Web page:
The bundle covers nothing
more than the basics which is to be expected at the price. Along
with the driver installation CD comes a floppy and IDE cable,
poster sized quick instruction guide, a board layout sticker
for inside your case, the all important manual and a four port
USB2.0 bracket bringing the total to six.
In terms of layout the KX400+ Pro is pretty much
identical to the KX400-8X (KT400) we looked at a while back.
By modern standards the board is very compact measuring in at
just 244x305mm. This is no doubt a good thing for anyone with
limited case real estate but it does mean components are perhaps
a little more cramped than they would otherwise be.
Again we see the use of a CNR slot but fortunately
it doesn't come at the expense of a regular PCI slot, the full
compliment of six are available. As with most six slot boards
there's no way to add or remove memory without at least unseating
your graphics card and lifting it enough for the memory retaining
lugs to swing out. The ATX power connector is still badly placed
if you're short on PSU lead length and the trend for fitting
the CPU socket at 90degrees to its customary orientation persists.
This is a major flaw in my book as it more or less rules out
fitting and removing your heat sink in a mid tower case due
to the limited gap between the sink and the side of the PSU.
In fact the same problem applies even in our Antec full tower
due to the PSU placement and completely rules out such HSFs
as the more recent Cooler Masters with their unique long, angled
Click For a Larger Image
Socket clearance is actually very good but again
the orientation of the socket means much of that clear area
will go to waste with most coolers.
The placement of the FSB selection jumper can
be fiddly if, like me, you're blessed with fat fingers. This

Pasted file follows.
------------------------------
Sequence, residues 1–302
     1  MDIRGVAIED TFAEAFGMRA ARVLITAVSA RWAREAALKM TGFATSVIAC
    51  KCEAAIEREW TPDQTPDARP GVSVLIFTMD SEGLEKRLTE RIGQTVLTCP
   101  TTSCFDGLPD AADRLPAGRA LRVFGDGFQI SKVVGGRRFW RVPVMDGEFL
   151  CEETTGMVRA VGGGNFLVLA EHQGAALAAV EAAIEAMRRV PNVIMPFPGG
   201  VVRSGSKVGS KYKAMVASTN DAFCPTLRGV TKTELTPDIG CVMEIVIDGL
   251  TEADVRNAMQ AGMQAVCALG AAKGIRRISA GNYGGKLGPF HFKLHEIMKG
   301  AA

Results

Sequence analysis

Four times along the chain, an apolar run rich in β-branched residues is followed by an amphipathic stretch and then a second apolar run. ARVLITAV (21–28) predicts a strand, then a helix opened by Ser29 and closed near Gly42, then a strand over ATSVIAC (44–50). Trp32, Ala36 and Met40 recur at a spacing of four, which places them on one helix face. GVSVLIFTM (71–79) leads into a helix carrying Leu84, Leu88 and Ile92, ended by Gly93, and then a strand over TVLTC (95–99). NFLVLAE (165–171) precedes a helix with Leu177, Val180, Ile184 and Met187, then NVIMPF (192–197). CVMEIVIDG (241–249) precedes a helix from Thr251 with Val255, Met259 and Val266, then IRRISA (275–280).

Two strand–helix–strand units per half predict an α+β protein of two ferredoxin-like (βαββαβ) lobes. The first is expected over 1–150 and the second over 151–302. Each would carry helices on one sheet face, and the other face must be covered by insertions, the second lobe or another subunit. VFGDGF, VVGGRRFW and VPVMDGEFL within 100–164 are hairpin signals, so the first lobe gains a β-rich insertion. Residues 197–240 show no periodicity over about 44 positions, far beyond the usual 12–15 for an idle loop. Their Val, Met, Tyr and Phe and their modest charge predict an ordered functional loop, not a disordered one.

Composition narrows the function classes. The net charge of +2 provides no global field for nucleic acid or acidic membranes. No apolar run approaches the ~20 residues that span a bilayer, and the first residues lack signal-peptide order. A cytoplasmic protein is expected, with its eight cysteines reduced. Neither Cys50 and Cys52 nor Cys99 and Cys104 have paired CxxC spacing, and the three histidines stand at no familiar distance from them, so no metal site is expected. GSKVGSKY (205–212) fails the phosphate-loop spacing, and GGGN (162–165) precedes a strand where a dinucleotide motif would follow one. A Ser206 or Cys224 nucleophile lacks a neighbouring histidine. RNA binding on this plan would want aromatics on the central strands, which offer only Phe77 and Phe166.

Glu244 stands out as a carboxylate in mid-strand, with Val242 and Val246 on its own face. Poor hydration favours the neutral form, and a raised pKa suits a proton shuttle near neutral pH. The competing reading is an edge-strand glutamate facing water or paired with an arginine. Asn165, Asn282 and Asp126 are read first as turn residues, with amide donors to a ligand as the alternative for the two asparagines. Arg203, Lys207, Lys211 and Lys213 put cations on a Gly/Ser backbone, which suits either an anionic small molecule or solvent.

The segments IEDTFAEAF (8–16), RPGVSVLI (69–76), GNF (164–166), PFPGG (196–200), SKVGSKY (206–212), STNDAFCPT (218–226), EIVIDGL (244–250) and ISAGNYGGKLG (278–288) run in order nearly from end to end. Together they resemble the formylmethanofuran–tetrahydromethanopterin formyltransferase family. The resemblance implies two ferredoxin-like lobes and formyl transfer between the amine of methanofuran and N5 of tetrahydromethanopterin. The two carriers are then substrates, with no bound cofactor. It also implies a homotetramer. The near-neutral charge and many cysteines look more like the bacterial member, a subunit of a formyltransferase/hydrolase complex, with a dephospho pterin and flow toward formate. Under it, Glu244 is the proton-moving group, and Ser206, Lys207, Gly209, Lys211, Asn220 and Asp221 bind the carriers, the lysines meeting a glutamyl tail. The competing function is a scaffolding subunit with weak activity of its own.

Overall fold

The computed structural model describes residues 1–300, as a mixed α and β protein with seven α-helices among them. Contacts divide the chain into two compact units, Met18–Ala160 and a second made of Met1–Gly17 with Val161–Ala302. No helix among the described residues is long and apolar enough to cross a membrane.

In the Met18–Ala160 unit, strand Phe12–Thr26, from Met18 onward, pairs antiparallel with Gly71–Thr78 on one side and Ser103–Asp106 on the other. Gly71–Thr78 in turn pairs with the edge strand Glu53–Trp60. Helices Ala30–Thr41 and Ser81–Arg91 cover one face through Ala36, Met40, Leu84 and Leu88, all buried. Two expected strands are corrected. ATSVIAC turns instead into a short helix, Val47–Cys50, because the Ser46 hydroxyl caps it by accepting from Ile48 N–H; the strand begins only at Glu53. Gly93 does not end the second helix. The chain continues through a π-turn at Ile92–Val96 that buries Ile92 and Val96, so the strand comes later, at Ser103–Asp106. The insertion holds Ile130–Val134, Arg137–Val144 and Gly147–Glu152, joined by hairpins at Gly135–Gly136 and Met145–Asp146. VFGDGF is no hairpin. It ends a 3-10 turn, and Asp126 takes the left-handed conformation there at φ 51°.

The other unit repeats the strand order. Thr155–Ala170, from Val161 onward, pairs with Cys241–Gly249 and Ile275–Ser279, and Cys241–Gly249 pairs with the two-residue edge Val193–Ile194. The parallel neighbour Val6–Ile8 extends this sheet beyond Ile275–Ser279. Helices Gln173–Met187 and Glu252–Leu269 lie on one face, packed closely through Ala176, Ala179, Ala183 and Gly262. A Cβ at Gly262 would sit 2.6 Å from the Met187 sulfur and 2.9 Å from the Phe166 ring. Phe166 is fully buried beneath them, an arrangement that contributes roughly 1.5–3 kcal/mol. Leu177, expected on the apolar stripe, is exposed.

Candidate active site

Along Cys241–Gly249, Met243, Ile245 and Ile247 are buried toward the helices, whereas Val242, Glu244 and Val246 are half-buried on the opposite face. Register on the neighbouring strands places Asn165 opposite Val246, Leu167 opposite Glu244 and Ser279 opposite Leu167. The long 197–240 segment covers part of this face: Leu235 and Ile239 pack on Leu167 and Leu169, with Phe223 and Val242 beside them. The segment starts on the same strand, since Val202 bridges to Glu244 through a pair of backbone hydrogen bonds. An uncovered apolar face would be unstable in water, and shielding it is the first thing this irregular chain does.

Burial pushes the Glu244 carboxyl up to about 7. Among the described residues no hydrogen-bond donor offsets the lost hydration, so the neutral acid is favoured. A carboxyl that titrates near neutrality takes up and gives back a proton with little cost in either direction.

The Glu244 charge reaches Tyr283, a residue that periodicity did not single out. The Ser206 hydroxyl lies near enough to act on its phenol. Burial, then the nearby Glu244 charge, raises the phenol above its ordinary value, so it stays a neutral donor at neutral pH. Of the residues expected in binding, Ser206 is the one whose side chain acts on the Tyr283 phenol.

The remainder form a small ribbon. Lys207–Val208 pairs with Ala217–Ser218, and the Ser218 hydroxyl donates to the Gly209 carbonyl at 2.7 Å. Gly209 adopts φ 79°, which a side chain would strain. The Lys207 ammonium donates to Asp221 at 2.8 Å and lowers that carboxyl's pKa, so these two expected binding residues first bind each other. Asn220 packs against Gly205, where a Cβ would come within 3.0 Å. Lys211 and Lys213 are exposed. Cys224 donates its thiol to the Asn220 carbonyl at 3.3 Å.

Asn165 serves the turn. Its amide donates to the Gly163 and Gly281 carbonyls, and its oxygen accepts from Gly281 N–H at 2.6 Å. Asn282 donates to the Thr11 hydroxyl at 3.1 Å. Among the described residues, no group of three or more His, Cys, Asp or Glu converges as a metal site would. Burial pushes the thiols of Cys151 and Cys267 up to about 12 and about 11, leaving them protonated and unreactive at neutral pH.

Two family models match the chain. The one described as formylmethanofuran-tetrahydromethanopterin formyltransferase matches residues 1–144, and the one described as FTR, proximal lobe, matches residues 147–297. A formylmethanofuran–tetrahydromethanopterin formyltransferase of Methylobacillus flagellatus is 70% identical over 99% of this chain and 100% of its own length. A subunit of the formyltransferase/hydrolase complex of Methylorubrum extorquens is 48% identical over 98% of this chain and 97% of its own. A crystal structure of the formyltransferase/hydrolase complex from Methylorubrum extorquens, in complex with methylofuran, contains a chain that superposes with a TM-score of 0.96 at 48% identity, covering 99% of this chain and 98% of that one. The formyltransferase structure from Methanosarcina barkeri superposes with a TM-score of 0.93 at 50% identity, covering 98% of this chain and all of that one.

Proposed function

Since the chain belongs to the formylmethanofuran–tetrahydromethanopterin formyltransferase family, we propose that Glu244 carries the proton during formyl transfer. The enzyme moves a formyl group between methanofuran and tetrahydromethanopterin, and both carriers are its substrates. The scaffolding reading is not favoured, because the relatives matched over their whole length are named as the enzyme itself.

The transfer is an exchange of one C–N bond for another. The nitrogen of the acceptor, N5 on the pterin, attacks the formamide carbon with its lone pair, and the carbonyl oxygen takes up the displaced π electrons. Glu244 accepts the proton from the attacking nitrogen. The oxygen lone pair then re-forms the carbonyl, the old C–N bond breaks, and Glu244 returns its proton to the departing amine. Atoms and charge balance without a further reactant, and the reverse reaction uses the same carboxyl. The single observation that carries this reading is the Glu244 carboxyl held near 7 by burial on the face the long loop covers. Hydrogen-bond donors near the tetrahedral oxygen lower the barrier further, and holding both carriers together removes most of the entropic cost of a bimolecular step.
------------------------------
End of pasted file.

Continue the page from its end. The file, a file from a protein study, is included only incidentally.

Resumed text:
jumper allows the selection of 100MHz. 133MHz or 166MHz FSB
Albatron's Gigabyte heritage shows in their implementation
of a feature they call BIOS Mirror. Normally associated with
Gigabyte boards BIOS mirror is simply a second BIOS chip that
can be used to boot the system should the original BIOS become
corrupt, possibly due to a failed flash or virus. It also restores
the initial BIOS chip to its original state so making it bootable
again. To avoid any problems with both chips becoming defunct
the second BIOS chip is read only.
Another more unusual feature is what Albatron
call their "VoiceGenie" function. This replaces the
confusing series of POST beep error codes with actual spoken
prompts in any of four languages, English, Chinese, Japanese
and German. These are fairly basic phrases that don't offer
any more information than other POST debug options, they're
just easier to understand. The language selection for Voice
Genie and the BIOS Mirror function are set using a bank of four
Only a single motherboard fan header is available
as two of the three are used by the CPU and North Bridge fans.
If you connect your HSF directly to a four pin PSU Molex than
this leaves two available for use.
The connectors are your standard fayre and there's
nothing here you'll be unfamiliar with. As you can see you get
your standard PS/2 ports, COM ports, printer port, twin USB2.0/1.1
ports, MIDI/Gameport and audio jacks. To take full advantage
of the board's 6 channel audio you'll need to plug in an audio
header for the extra ports. Audio was actually very good and
is probably perfectly suitable for most users, even gamers!
The fact that the KX400+ Pro once again features
only two rather than the now common three phase power circuit
leaves me wondering about its overclocking potential. We'll
see how the board performs on that score later on.
The AGP retention mechanism relies on the more
recent sliding design rather than the spring loaded retainers
we've seen on most boards. Although this makes locking your
graphics card in place fast, easy and secure it can be awkward
to slide the mechanism back again to unlock it should you need
to remove the card later.
Overall the layout is good but the clustering
of the IDE and floppy connectors makes for fiddly cable connection
and the ATX power placement and socket orientation spoil the
party. If you're of the "fit and forget" category
and you're unlikely to want to access your case innards on a
regular basis these aren't big negatives. Even the CPU and heat
sink can be fitted before you install the motherboard in this
case and you'll never face the problem of trying to get access
to it. For reviewers, tinkerers and enthusiasts however it's
a right royal pain in the lower portions.